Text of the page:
It gives me very great satisfaction to see that your fame has not gone to your head. You have remained Camus: bravo. I have followed with interest the many vicissitudes of the play you adapted and also staged: The Possessed. I love you too much not to wish you the greatest success: it is what you deserve.
Know that, even when I do not write, I often think of all of you.
Madame Germain and I warmly embrace all four of you.
So what connection is there between Albert Camus’ life and practice of honesty? A boy from a poor family, who never saw his father, could easily have slipped into despair and acquired bad habits, to end up as a loser. But he was a promising pupil, eager to learn, who got an influential teacher, and never looked back. This still doesn’t answer the question about the context in which the two letters have been reproduced.
I had the great good fortune to spend five influential years under an English principal, who was also a thorough Indian, a kind, thoughtful and considerate man. After leaving school, I headed to college to become a physicist, but lost my way after three uneventful years, and joined law to prepare for competitive exams. When I didn’t score high enough for a service of choice, I joined the Bar at age 24. On the way to joining the Punjab Super Judicial Service after 14 years, I learnt much about the legal profession from a barrister in Ludhiana. And about life in general from a retired British colonel. But when I finally landed at Amritsar, on my first posting as an additional district and sessions judge at age 38, my first thought was to write to Jack Gibson.
John Travers Mends Gibson, Hailebury and Cambridge, had come out to India in 1937, to join as housemaster at a newly established boarding school in Dehradun. He spent the war years with the Royal Navy and became the first Principal of Joint Services Wing (later National Defence Academy). Providence ordained that at his funeral in 1994, the three service chiefs at that time, General SF Rodrigues, Admiral L Ramdas, and Air Marshal NC Suri would be his pallbearers; all three had been his students at JSW in 1949.
Much like Camus corresponding with his school teacher, many of Gibson’s students would write to him after leaving school. They wrote about what they were doing at university, about the prospects of marriage or a job, about travelling overland to Europe, about financial problems, even asking for a loan. Jack would often send his recommendations to colleges and prospective employers, and try and help his pupils in whichever way he could. The correspondence was published in his book As We Saw It in 1991. The letters give detailed glimpses into the social history of the period 1970 to 1990. And how young men who went on to join the IAS, defence services, journalism, academics and business shared their successes and anxieties with their teacher, who continued to remain their friend, philosopher and guide.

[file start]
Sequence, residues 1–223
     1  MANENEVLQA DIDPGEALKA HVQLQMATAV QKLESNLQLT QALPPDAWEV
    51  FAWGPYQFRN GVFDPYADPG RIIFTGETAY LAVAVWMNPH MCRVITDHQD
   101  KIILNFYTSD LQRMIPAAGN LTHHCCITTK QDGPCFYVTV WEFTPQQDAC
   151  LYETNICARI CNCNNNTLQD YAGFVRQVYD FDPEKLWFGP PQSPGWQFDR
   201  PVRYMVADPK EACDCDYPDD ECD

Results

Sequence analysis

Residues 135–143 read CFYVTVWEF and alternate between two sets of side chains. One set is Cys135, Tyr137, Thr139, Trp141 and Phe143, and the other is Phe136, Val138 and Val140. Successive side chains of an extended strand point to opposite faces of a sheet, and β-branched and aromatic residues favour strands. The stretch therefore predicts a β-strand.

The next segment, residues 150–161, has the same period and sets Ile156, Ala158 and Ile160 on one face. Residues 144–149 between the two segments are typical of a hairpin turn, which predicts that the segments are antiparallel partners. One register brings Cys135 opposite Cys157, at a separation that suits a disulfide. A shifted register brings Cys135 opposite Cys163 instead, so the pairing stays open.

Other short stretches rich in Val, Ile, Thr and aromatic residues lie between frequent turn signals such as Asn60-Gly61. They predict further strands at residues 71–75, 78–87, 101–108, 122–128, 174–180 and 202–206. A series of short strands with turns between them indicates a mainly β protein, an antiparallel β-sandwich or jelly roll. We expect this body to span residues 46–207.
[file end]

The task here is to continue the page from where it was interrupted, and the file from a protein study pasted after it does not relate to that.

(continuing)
So like many other old boys, I wrote to Gibson (many students also called him Jack) with the news that I had joined the judiciary. I explained that “one reads a lot about breakdown of law and order. I, therefore, consider dispensation of justice as a great challenge and a rewarding task.”
And I received a prompt reply saying: “I expect this means a drop in your earnings (as I don’t expect you to take more than your salary) but I hope that this does not hit you too hard.” A lifelong lesson which has remained with me. But sometimes one is put in an awkward situation. As district and sessions judge in a distant place, which happened to be the area to which the newly elected chief minister also belonged, I was invited to preside over a meeting of the local Bar to felicitate the popular leader. Of course, all the speakers before me spoke about what a great day it was to welcome the chief minister and how everyone was looking forward to improvements in the court complex, its infrastructure and so on.
Should a judge praise anyone in glowing terms, at a public gathering, with words like “popular, dear, vibrant, visionary”? I was approaching the zone for consideration for elevation as vacancies were likely to arise during the tenure of the chief minister. But I stopped myself from showering admiration, remembering Jack and asking myself what he would think. So I mumbled a few words about the sessions division and mentioned legal services and legal aid schemes which we were working on. I expected the government to help in promoting these welfare measures, hoping the chief minister may announce his government’s support, but no such thing happened. Since I had spoken in English, the first thing the chief minister remarked was he was shocked that judges did not speak and work in Punjabi. That was my first and last meeting with any politician, either in public or private. But things are a lot different nowadays, in ways which are embarrassing to describe.
—The writer is former judge, Punjab & Haryana High Court, Chandigarh and former judge, United Nations Appeals Tribunal, New York